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Hurricanes: Science and Society
Aircraft Reconnaissance

Before forecasters can predict a hurricane’s track or intensity, they need to gather as much data as possible on that storm and the current state of the atmosphere and the ocean. Satellites are considered to be the primary platform for hurricane observation, but critical measurements are also taken at sea, over land, and perhaps most importantly, from the air.

Photo taken from a hurricane hunter aircraft inside the eye of Hurricane Ike (2008).
Photo take from a WC-130J Hurricane Hunter aircraft inside the eye of Hurricane Ike (2008). Note clearing skies, common within the eye of a hurricane. (U.S. Air Force Photo/Tech. Sgt. James B. Pritchett)

Prior to the development of satellites during the 1960’s, forecasters relied on reconnaissance aircraft to pinpoint storms at sea. Since the first intentional flight into a hurricane by Joseph B. Duckworth and Lt. Ralph O’Hair in late July 1943, aircraft have been flying into hurricanes and collecting valuable data. After this demonstration, aircraft reconnaissance into hurricanes in the Atlantic Basin and typhoons in the Northwest Pacific Basin was begun on an annual basis. While aircraft reconnaissance continues in the Atlantic area, these routine measurements were discontinued in the Northwest Pacific in 1987. In the early years, forecasters would request flights based on limited data from islands and ships. Crews would set out with only an approximation of the storm’s position and had to rely on their own visual observations to guide them. Estimates for wind speed and direction were made by looking at the sea surface. The Beaufort scale is a way to measure wind speed based mainly on observed sea condition. An adaptation of the Beaufort scale, which employs a scale from 0 to 12, is used by the U.S. National Weather Service (NWS) to describe hurricane force winds.

One of the hazards of the early, low-level flights was the absence of reliable techniques to assess altitude, and hence, several aircraft were lost during their missions. Routine aircraft were sent east from the Caribbean Islands (Lesser Antilles) specifically looking for tropical storms or hurricanes before there were any reports of them available. The program was discontinued in the 1960’s with the advent of polar orbiting satellite imagery. Since pressure measurements could be reliably obtained via aircraft reconnaissance as far back as the 1940’s, these were utilized to obtain fairly accurate surface wind measurements in hurricanes. It was not until the 1990’s that aircraft reconnaissance could measure the winds in hurricane directly with more accuracy.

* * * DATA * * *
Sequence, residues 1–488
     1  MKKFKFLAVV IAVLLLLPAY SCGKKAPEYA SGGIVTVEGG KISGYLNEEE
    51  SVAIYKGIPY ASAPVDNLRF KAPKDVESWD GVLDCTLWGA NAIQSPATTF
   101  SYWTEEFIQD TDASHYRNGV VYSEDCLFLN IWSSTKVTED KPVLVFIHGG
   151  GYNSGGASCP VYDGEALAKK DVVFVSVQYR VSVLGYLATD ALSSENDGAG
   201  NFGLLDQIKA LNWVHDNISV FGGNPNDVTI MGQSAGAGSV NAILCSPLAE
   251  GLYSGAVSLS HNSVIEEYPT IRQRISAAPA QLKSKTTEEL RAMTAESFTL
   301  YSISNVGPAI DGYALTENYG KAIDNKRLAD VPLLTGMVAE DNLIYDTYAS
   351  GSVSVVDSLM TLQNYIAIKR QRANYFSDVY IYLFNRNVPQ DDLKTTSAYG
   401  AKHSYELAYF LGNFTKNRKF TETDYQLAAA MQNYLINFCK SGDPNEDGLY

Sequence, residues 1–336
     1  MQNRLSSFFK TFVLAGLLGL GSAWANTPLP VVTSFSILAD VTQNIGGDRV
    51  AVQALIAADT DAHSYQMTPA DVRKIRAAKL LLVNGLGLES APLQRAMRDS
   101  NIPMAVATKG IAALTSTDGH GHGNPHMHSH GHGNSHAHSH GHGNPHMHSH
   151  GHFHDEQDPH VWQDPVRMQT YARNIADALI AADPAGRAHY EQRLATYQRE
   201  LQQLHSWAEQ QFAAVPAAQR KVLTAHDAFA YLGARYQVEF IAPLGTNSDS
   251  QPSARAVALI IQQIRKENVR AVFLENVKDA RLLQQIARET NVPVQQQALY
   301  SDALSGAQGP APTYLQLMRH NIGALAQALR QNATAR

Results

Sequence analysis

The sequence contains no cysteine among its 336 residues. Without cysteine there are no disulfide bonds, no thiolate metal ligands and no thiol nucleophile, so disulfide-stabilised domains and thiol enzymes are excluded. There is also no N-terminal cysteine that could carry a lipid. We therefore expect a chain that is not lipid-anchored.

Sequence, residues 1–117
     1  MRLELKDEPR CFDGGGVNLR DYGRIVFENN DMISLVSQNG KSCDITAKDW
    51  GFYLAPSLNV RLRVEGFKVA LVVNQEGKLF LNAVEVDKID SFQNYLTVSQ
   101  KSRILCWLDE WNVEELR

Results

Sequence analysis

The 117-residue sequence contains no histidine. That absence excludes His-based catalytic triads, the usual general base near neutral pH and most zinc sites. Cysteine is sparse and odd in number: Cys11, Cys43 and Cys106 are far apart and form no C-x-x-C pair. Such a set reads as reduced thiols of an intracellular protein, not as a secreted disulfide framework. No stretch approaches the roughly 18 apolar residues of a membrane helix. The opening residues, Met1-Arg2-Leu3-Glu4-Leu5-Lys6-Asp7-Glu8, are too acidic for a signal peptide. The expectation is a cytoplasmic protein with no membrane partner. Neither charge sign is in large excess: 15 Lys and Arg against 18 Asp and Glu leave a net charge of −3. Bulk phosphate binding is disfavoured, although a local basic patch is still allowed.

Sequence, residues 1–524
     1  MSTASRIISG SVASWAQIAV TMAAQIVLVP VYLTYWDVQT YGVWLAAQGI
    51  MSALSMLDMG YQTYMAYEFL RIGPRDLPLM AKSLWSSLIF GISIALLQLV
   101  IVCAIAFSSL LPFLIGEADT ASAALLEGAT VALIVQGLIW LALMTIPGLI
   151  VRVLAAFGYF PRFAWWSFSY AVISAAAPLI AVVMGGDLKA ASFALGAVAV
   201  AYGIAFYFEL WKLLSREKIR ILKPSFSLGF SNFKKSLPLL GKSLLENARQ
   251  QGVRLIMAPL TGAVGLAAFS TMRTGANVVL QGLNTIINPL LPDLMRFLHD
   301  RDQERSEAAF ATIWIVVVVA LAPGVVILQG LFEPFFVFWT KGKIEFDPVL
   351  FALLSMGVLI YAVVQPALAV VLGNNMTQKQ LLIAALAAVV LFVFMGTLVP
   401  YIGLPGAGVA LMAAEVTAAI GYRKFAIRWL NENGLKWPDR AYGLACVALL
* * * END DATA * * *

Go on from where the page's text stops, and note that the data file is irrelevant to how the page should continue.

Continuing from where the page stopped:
Today, sophisticated arrays of airborne instruments collect large quantities of high-quality data, which are taken back (or sent via satellite) to the National Hurricane Center (NHC) and incorporated into hurricane prediction models. Hurricane reconnaissance reports come primarily from the U.S. Air Force’s Hurricane Hunters operation as well as the flights conducted by the Aircraft Operations Center (AOC) of the National Oceanic and Atmospheric Administration’s (NOAA’s) annual field program of research flights.

Two photos of weather aircraft from the 1950s.
(left) Boeing WB-29 Superfortress of the 55th Weather Reconnaissance Squadron, McClellan Air Force Base, Calif., on April 30, 1952. Weather reconnaissance got a big boost when it inherited these surplus bombers after WWII. This was the Air Force's largest aircraft, and in 1950, became the first to be designated with a "W" for weather service. The aircraft have been updated from the WB-29s to today's reconnaissance plane, the WC-130J (see below). (right) Close-up of Boeing WB-29 "Typhoon Goon," of the 514th Very Long Range Weather Reconnaissance Squadron, Guam, in the Northwest Pacific The plane (and its captain) were distinguished for continuing and completing a typhoon recon mission with one engine shut down. Unfortunately for its sister aircraft, Typhoon Goon II, members flew into the eye of Typhoon Wilma on October 26, 1952 and never returned. This was the first loss of an Air Weather Service (AWS) aircraft. (Image credits: United States Air Force)


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